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Loans gone wrong

Despite significant progress in recent years, the problem of China's nonperforming loans probably hasn't run its course. From 2001 to 2005 the state bought, at face value, most of those held by the largest banks and transferred them to state-owned asset-management companies, which are working them out slowly. Such transfers, which accounted for 60 percent of the reduction in the level of nonperforming loans as a percentage of the large commercial banks' total assets, successfully eliminated the risk of a systemic banking failure by moving existing nonperforming loans off the banks' books. In most cases, however, Chinese banks still don't have enough information on borrowers, or strong enough lending skills, to prevent more bad loans from accruing. Few banks even reward their loan officers for avoiding nonperforming loans. Although many banks are trying hard to improve in these areas, the task is huge, and the ratio of bad loans to good ones could rise again, particularly if economic growth slows.

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Deposits high, returns low

At first blush, China's banks look more secure on the deposit side. Bank liquidity is high because households keep a large portion of their assets in savings accounts, and the yields on bank deposits have to date been unusually low because the government regulates deposit rates. Other financial assets available to households have also offered very low returns (with higher volatility), which helps to explain why the Chinese park so much money in low-yielding deposit accounts. Over the past ten years, returns on household financial assets after inflation have come to only 0.5 percent a year in China, compared with 1.8 percent in South Korea and 3.1 percent in the United States. Things could change as other financial assets and investment options (such as real estate and equities) become more attractive, which would make bank deposits vulnerable. In recent years, for instance, more people have begun to invest in real estate, and this trend has reduced the share of household assets kept in savings accounts. Bank deposits represented 59 percent of household wealth in 2003, down from 76 percent in 1997—though the absolute value of deposits continued to grow over that period.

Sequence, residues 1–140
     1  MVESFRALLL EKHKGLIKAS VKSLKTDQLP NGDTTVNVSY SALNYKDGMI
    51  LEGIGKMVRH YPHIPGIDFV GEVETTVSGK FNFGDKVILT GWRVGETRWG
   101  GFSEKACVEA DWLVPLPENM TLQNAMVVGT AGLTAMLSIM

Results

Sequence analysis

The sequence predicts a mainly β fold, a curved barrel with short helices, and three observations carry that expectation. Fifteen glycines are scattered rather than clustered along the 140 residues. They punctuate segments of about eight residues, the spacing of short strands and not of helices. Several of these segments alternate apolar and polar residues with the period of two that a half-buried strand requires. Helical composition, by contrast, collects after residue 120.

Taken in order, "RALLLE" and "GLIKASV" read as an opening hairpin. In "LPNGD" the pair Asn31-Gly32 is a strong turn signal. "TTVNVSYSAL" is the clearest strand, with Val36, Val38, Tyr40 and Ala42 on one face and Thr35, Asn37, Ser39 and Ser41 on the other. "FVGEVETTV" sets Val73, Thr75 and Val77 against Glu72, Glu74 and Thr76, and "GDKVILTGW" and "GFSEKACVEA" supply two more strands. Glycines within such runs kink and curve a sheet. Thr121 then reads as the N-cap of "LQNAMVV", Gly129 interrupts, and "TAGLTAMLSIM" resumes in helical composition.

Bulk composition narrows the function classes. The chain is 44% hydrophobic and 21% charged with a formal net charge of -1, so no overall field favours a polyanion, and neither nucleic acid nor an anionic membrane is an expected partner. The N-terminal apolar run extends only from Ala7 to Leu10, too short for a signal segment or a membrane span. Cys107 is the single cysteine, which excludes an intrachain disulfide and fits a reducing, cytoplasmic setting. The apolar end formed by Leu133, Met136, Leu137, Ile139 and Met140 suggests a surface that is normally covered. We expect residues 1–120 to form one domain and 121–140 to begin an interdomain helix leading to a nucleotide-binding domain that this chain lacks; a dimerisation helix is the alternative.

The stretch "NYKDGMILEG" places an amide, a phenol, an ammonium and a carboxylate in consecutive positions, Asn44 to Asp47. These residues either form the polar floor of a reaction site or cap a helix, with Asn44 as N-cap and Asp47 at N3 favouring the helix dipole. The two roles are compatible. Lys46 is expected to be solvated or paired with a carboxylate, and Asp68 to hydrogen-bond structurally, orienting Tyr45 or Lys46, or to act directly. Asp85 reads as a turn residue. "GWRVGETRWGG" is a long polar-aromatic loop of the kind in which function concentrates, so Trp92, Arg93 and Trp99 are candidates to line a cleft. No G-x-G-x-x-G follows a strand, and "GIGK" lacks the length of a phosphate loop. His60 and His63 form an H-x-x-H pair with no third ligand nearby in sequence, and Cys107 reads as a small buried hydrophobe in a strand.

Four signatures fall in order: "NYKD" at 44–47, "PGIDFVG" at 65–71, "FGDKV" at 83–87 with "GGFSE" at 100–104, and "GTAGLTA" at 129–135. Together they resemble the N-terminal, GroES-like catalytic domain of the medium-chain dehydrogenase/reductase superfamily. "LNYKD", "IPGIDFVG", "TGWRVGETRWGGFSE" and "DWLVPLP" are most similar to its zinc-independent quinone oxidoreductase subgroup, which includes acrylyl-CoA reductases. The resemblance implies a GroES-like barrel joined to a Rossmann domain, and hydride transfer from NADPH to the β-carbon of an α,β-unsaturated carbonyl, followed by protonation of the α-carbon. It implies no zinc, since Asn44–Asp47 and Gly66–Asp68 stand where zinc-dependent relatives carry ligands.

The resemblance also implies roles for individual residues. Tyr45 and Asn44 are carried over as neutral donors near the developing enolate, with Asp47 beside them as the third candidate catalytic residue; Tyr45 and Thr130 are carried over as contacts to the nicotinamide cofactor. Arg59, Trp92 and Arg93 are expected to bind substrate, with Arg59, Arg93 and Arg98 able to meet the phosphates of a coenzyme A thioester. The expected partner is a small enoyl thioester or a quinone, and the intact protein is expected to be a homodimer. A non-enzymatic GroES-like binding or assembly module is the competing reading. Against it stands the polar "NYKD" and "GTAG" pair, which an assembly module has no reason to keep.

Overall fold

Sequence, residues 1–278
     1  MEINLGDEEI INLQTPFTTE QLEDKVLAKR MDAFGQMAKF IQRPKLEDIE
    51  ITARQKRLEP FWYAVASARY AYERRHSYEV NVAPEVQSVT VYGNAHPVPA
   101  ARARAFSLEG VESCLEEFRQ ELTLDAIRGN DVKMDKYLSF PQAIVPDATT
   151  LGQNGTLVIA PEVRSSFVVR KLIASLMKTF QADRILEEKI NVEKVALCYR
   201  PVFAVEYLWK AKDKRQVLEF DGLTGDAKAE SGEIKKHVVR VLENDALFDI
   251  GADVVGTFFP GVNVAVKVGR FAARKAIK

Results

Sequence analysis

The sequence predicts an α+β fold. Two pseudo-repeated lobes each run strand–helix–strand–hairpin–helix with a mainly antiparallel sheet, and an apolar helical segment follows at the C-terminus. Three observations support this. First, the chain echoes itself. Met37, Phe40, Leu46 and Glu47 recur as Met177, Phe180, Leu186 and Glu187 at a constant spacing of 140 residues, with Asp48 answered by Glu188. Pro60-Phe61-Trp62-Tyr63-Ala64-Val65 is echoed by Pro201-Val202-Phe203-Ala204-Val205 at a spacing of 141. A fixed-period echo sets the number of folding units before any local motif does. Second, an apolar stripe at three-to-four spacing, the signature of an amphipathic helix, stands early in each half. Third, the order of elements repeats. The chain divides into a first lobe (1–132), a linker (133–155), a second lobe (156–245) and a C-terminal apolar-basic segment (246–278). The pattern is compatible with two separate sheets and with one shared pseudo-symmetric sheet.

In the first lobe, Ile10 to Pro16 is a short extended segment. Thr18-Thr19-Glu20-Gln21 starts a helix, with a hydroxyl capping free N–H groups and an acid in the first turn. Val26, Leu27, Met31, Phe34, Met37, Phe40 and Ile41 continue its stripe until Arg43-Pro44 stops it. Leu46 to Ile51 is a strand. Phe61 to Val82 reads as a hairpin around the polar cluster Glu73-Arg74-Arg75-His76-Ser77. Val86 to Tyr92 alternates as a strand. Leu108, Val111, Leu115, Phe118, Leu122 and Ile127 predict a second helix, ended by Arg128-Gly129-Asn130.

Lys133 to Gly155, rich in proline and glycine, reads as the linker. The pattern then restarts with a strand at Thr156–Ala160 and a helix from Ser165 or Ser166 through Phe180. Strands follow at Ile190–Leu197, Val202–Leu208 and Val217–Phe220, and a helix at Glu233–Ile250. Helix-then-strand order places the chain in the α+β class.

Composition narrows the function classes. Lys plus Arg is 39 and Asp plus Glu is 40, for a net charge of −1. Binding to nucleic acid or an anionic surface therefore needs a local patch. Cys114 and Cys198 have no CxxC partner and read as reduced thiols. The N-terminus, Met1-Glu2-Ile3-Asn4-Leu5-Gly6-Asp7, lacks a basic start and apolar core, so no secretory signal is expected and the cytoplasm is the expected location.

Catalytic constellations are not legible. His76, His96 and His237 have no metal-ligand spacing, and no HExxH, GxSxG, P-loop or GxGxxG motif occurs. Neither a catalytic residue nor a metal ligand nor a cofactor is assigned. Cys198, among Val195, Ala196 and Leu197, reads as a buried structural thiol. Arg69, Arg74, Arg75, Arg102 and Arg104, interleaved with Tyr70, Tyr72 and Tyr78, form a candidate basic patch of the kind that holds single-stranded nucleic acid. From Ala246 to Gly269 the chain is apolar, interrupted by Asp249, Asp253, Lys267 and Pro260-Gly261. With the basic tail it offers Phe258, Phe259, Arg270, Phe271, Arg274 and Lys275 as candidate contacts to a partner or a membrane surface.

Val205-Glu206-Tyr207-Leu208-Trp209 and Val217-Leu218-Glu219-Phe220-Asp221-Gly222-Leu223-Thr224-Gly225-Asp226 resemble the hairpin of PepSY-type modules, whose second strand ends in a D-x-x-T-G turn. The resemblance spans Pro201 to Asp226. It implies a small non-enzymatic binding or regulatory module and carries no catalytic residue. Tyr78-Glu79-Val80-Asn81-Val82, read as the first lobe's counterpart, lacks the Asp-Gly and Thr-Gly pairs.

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Concentrated wealth

Chinese banks are particularly vulnerable to the possibility that affluent customers might switch out of deposits. China's wealth is highly concentrated—some 2 percent of the country's households own 60 percent of it—and banks rely heavily on the wealthy few for their profits. Indeed, when measured by the Gini coefficient, a metric of income distribution, the gap between rich and poor is larger in China than in the United States. Bank deposits could dwindle when affluent customers seek a better return, as recent surges in the equity markets and real-estate values around the country suggest they are already doing. Wealthy Chinese can to some extent look abroad for investments. In April 2006 China's authorities announced that individuals may invest up to $20,000 a year in foreign currency to buy overseas bonds, up from the previous limit of $8,000. However, many investors may prefer to hang on to their money in the hope that the currency will appreciate further.

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The cost of inefficiency

The banking system's inefficiency has a huge impact on China's economy. The country's banks incur higher costs than do banks in Chile, Malaysia, Singapore, South Korea, or the United States, where the average spread between loans and deposits is 3.1 percent. In China, after the money spent on capital injections into the banks has been included, the margin is 4.3 percent, which costs bank customers an extra $25 billion a year. Even more expensive is the country's poor capital allocation, which sustains inefficient companies at the expense of more productive ones. Addressing this shortcoming would raise China's GDP by $259 billion, or 13 percent.2

Of course, the reforms necessary to achieve such gains will require a drastic change in mind-set while the essential purpose of the financial system evolves from propping up SOEs and ensuring employment to meeting the needs of a modern competitive economy. Nevertheless, China's enormous economic progress over the past 25 years offers the hope that a similar transformation of its financial system is also on the way.

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About the author(s)

Diana Farrell is director of the McKinsey Global Institute, where Susan Lund is a consultant; Fabrice Morin is a consultant in McKinsey's Montréal office.